The pilots of our 757 gave us the final statistics for the trip. In all, we flew 41 hours and 41 minutes on our private jet and traveled 19,936 miles (statute). With the 11,000 miles I racked up on commercial flights, I traveled 31,000 miles in the air - one and one-quarter times around the globe! Amazing. Our jet consumed 48,776 gallons of jet fuel in 24 days, making for an average of 2.5 miles per gallon. Not too bad considering our heaviest take-off weight was 235,430 lbs. and there were 72 people on board. We used only 1.5 quarts of engine oil. In all of this travel, the jet's engineer replaced one air conditioning valve, while carrying 3,500 lbs. of spare parts. The jet and crew was fabulous!

We've seen amazing things, all too fast of course, but what a trip of this kind lacks in 'hours on the ground', is more than made up for with education and learning. It's been a seminar really. Each stop with knowledgeable guides sharing their expertise. Thank you one and all.

And thank you for reading this blog. After my "recovery" from flying home, I'll be exploring more of North America and the Southwest and you can check back here to see what I am up to and what there is to see on this wonderful planet.

Tiger's Nest Monastery in Bhutan, March 8, 2012

Monday, March 12, 2012

Flying Over "Forbidden" Countries

Our airline crew on this trip has been fantastic! First Officer Phil Gardner always comes to my seat before the flight and gives me a print out of our routing, which in this part of the world is often not in the straight line path you would expect. For example, when leaving Jodhpur, we had to route south for about 20 minutes because the straight line track to Jordan would have taken us directly over India's nuclear missile silos pointed at Pakistan. (We also had to fly around Israel as no aircraft leaving Arab countries can fly across their space). Anyway, Officer Gardner's thoughtfulness has really reaped dividends for all of us, since I like to point out to folks all of the things of interest we are flying over. If I know what's coming up, I can get people to look out the windows more often. The flight stewards are professional and truly interested in the experiences we are having. They stay at different hotels than us and so when we return home to the "mother ship", we exchange stories of our different experiences. It's a fun group!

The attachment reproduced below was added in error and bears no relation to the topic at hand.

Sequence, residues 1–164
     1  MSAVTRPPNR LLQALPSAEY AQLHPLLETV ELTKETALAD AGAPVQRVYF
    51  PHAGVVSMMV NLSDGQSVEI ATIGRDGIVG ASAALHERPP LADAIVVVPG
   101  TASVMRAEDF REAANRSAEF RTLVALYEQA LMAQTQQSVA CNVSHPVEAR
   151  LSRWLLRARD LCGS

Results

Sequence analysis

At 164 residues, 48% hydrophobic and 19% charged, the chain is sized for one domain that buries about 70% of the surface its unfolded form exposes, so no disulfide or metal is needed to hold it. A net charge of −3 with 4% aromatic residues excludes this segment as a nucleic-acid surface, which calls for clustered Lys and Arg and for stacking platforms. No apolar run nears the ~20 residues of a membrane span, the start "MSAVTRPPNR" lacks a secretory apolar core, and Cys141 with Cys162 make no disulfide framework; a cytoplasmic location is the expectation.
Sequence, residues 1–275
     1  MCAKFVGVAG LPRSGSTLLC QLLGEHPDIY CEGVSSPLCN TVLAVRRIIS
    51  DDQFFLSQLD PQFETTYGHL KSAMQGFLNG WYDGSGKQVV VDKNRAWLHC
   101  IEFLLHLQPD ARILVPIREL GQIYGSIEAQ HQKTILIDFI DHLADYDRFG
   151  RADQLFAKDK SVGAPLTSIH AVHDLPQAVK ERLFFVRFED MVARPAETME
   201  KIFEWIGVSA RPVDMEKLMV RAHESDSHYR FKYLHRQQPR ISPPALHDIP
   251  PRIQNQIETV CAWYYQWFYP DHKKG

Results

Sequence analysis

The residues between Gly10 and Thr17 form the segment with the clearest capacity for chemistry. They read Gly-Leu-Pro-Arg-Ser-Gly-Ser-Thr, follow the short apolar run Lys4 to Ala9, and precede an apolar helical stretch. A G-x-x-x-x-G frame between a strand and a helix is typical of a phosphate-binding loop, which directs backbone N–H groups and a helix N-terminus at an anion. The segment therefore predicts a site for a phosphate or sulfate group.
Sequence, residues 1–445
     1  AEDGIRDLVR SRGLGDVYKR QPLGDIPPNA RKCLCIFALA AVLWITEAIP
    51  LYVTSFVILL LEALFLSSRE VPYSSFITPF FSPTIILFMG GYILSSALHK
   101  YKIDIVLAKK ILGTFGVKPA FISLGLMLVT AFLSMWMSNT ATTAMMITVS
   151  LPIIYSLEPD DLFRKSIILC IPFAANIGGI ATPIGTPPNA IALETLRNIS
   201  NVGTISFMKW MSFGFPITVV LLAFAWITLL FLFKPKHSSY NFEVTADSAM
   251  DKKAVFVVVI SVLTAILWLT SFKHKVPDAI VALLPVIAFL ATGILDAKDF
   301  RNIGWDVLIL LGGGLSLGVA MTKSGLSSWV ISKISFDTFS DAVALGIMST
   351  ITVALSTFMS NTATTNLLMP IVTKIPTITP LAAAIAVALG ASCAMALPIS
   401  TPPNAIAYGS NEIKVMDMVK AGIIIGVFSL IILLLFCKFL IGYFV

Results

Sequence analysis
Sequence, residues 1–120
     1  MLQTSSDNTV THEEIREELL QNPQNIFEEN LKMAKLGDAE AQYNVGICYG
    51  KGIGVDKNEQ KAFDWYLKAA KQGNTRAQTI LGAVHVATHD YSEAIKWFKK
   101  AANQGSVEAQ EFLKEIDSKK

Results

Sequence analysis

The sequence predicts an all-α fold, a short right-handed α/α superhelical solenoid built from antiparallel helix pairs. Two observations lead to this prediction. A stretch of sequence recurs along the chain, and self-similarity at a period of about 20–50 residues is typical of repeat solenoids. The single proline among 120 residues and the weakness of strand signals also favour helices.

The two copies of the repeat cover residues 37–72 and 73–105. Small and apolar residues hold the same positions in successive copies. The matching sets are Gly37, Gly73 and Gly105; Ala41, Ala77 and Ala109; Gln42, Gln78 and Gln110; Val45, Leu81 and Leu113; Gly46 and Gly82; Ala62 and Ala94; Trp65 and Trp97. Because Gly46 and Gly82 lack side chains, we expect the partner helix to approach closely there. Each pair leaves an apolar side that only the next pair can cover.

We had a great flight west from India that took us over some countries with tantalizing names to Americans - Pakistan, Iran, Kuwait, Saudi Arabia. As always, when ever I mention that we are crossing into these territories, many people always ask, "Are we allowed to?" The answer is yes but the flyways are strictly enforced. We were not allowed to fly over Afghanistan or Iraq but we came close. The day was extremely hazy and the photo's not the best. But when seen from an altitude far from the war-like calls from governments, these counties look like any other with regards to their geology. How I would love to be on the ground in south central Pakistan and southwest Iran, places that approximate things we see in the American Southwest!

I thought I would give you a view of the interior of our jet. Seventy-four first class seats in a jet that can seat as many as 250.

This is David Keeling my fellow lecturer on the trip. He is a Geography professor at Western Kentucky University in Bowling Green. We have had a great time together on this trip.

The stewards will often don dress that is native to the local culture. We never know what we'll see when we return back on board. My seat for the second half of the flight has been Row 6 Seat A, visible on the far right. This is where I have been getting my photo's from and why the jet engine frames many of my pictures.

Jill, wearing a bindi on her forehead, is part of the wonderful crew that has served us. The crew is from England.

Interesting settlement pattern in northwest India where a small town is located along a river as roads converge from all directions

We passed in to southern Pakistan and soon saw the great Indus River, draining a great portion of the western Himalaya. Note the high standing mesa bordering the west side of the river valley

And then Pakistan revealed a landscape so familiar to travelers in the American Southwest. Folded sediments were arched up in great swaths across the desert landscape west of the Indus River. I am guessing that this is part of the Kirthar Range.

Some areas were quite similar to the folds we see on the Colorado Plateau. This one looks a lot like the Raplee Anticline near Mexican Hat Utah but is located in Pakistan. I continue my search for landscapes worldwide that approximate the Colorado Plateau!

We crossed into Iranian airspace and the wonders folded strata continued. Here is an eroded anticline with the various colors of the strata highlighting the structure beneath.